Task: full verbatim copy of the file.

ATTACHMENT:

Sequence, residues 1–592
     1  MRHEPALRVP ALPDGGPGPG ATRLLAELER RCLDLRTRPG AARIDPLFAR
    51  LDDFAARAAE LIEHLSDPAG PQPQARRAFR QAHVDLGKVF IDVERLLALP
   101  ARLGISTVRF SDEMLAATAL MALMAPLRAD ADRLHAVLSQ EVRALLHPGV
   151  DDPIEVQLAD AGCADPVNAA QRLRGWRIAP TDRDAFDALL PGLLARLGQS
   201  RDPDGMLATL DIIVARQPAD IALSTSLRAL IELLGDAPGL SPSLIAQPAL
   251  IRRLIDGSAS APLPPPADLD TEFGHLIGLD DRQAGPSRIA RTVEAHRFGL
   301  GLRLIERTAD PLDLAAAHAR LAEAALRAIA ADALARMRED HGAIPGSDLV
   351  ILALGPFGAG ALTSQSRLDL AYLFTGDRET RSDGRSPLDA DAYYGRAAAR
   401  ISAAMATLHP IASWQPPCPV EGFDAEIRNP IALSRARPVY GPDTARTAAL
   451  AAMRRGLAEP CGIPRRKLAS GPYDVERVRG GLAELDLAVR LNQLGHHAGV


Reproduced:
Sequence, residues 1–592
     1  MRHEPALRVP ALPDGGPGPG ATRLLAELER RCLDLRTRPG AARIDPLFAR
    51  LDDFAARAAE LIEHLSDPAG PQPQARRAFR QAHVDLGKVF IDVERLLALP
   101  ARLGISTVRF SDEMLAATAL MALMAPLRAD ADRLHAVLSQ EVRALLHPGV
   151  DDPIEVQLAD AGCADPVNAA QRLRGWRIAP TDRDAFDALL PGLLARLGQS
   201  RDPDGMLATL DIIVARQPAD IALSTSLRAL IELLGDAPGL SPSLIAQPAL
   251  IRRLIDGSAS APLPPPADLD TEFGHLIGLD DRQAGPSRIA RTVEAHRFGL
   301  GLRLIERTAD PLDLAAAHAR LAEAALRAIA ADALARMRED HGAIPGSDLV
   351  ILALGPFGAG ALTSQSRLDL AYLFTGDRET RSDGRSPLDA DAYYGRAAAR
   401  ISAAMATLHP IASWQPPCPV EGFDAEIRNP IALSRARPVY GPDTARTAAL
   451  AAMRRGLAEP CGIPRRKLAS GPYDVERVRG GLAELDLAVR LNQLGHHAGV